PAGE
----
Before long, Funko reached $1 billion in sales in 2021, a 58 percent increase from the year before. But the company wasn't the only thing increasing in value. Individual Pop figures started reselling at an all-time high. Retail prices typically ranged from $10-$15, but if you were lucky enough to get your hands on certain exclusive or limited edition stock, they could be worth upwards of $25,000. In fact, Funko Pop's value skyrocketed so much that some even resorted to thievery. Most notably, a New York City man accidentally knocked an elderly woman unconscious while fleeing a Barnes and Noble with $35 worth of Funko Pops.

At this point, many considered their collections as investments. The top three most valuable Funko Pops included Alex from "A Clockwork Orange," Freddy Funko as Venom, and Metallic Stan Lee. Only a small handful of these Pops existed. "It's not for secondary value purposes. When we make a limited item, it's usually because we know that the audience isn't that great," Brian Mariotti told Observer. In May 2022, the largest resale in Funko history took place in Glendale, California, where a man purchased a rare golden Willy Wonka set accompanied by a golden ticket for $100,000. Only two of these were known to exist.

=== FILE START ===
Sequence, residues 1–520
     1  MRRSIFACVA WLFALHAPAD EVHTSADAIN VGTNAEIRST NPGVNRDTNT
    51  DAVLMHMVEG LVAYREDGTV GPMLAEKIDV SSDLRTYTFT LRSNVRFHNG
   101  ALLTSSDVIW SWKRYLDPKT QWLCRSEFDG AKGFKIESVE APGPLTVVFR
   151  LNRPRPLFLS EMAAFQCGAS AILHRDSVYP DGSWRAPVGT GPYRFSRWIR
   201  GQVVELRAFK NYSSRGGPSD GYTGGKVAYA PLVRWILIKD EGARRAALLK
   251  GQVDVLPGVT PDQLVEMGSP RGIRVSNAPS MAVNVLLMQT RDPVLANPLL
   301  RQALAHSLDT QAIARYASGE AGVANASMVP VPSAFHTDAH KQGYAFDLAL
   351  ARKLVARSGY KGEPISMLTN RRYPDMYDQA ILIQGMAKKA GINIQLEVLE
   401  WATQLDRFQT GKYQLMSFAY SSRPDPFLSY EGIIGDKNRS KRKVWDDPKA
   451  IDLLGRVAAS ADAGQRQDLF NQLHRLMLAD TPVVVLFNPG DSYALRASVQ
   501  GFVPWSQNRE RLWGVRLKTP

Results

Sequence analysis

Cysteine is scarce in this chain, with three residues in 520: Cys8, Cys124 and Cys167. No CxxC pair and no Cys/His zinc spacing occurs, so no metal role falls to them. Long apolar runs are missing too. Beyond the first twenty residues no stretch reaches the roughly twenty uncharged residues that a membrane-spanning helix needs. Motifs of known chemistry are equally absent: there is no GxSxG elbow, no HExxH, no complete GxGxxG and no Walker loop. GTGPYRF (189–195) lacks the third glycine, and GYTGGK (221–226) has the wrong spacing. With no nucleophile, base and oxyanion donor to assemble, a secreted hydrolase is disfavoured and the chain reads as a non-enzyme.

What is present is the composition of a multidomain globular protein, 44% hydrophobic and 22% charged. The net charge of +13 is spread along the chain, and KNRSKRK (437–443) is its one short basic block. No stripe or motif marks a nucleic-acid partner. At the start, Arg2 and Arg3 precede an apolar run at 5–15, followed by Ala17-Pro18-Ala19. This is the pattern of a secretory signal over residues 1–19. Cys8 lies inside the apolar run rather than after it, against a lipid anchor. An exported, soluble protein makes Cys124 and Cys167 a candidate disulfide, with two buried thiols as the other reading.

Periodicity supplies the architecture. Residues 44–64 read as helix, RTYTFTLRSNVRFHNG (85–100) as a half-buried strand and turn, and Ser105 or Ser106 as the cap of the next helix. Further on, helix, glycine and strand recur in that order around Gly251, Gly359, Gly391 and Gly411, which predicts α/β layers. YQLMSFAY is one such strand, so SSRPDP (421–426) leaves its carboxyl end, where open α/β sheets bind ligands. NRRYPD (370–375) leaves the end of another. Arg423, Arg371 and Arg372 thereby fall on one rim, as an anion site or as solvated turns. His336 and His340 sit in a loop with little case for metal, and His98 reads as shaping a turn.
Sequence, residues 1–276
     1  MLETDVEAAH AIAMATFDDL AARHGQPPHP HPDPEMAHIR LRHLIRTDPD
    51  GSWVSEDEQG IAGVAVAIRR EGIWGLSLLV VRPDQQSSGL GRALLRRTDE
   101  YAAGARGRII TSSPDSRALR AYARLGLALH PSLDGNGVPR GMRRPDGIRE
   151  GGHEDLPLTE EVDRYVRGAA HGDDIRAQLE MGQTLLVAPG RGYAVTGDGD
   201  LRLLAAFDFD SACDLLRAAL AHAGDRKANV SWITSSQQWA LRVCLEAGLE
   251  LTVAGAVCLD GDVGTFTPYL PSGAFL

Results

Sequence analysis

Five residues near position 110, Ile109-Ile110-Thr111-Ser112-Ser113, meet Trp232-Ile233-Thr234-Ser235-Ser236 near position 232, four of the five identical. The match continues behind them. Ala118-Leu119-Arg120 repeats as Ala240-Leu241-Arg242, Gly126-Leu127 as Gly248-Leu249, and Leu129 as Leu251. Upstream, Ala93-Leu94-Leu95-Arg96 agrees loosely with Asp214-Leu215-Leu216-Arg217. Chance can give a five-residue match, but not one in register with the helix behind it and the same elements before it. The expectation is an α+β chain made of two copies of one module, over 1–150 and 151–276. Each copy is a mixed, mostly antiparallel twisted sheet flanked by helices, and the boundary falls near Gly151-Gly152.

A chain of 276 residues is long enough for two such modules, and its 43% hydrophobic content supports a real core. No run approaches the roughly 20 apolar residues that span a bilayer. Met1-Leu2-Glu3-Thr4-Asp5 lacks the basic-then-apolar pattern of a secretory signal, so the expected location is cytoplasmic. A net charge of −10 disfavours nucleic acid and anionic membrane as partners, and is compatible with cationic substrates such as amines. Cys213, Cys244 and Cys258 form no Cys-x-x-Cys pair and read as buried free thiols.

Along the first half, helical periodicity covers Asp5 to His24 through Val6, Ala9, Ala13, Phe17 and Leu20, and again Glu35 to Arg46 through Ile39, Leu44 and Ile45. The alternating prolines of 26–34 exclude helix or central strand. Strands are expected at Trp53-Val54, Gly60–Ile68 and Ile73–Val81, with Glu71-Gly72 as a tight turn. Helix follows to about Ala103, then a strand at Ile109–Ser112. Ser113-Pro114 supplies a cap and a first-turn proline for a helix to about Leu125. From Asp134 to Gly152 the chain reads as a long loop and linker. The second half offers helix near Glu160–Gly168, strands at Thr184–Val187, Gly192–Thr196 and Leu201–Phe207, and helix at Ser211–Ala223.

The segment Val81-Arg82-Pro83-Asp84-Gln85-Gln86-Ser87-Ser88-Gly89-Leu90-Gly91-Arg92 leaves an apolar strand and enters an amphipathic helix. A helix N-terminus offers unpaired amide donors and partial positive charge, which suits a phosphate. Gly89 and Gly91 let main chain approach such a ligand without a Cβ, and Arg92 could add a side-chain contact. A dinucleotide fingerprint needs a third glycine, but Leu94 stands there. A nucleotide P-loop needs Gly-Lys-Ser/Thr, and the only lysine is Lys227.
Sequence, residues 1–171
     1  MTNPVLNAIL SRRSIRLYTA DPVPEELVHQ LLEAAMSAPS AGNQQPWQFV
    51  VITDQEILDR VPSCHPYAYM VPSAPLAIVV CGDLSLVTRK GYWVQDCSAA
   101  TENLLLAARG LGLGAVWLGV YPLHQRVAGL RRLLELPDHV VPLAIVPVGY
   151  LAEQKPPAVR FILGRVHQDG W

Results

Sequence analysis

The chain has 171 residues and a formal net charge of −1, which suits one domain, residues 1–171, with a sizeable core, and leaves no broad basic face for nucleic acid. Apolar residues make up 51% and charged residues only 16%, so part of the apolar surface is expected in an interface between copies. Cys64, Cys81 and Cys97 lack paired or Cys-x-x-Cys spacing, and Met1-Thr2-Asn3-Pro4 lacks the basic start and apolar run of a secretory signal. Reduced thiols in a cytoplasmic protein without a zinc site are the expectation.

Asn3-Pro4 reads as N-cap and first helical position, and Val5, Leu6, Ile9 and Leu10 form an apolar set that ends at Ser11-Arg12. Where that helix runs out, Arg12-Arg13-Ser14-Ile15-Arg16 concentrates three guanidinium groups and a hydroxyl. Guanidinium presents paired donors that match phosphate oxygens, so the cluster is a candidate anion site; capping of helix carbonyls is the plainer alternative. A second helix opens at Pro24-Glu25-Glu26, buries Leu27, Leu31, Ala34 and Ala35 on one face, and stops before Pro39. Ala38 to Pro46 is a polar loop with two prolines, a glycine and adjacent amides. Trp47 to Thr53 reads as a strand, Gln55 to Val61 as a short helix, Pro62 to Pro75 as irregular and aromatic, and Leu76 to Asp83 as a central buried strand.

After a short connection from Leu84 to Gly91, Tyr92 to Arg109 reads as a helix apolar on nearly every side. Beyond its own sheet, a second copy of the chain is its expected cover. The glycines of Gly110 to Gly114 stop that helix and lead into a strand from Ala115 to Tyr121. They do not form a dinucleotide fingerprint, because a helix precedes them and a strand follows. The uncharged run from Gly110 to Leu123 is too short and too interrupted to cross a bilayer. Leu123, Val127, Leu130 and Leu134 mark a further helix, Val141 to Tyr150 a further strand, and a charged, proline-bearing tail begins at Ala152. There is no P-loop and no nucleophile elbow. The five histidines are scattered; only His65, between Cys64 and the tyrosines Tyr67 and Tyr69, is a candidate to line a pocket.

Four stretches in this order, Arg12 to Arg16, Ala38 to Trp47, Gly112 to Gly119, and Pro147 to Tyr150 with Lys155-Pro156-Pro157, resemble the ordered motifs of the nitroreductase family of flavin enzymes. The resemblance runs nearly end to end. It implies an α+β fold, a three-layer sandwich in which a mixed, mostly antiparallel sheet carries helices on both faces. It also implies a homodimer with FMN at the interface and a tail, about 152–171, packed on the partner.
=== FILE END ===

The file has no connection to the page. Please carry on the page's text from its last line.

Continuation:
The Funko community

As far as Funko Pop consumers go, there are two types who make up the majority of Funko's sales. There are the dedicated collectors who never miss a release and display their vast array of prized possessions for all to see, and the other is the casual buyer who only picks up specific Funko Pop characters from their favorite franchises. No matter which category a consumer falls under, you're no more or no less a part of the Funko community.

Over the years, Funko has cultivated a diverse, welcoming community, both online and in person. Like most brands, this begins with their socials. Their largest platform, Instagram, has accumulated more than three million followers, with others like Twitter, Facebook, YouTube, and TikTok not too far behind. The Funko App also keeps collectors connected with easily accessible catalogs and shareable custom lists.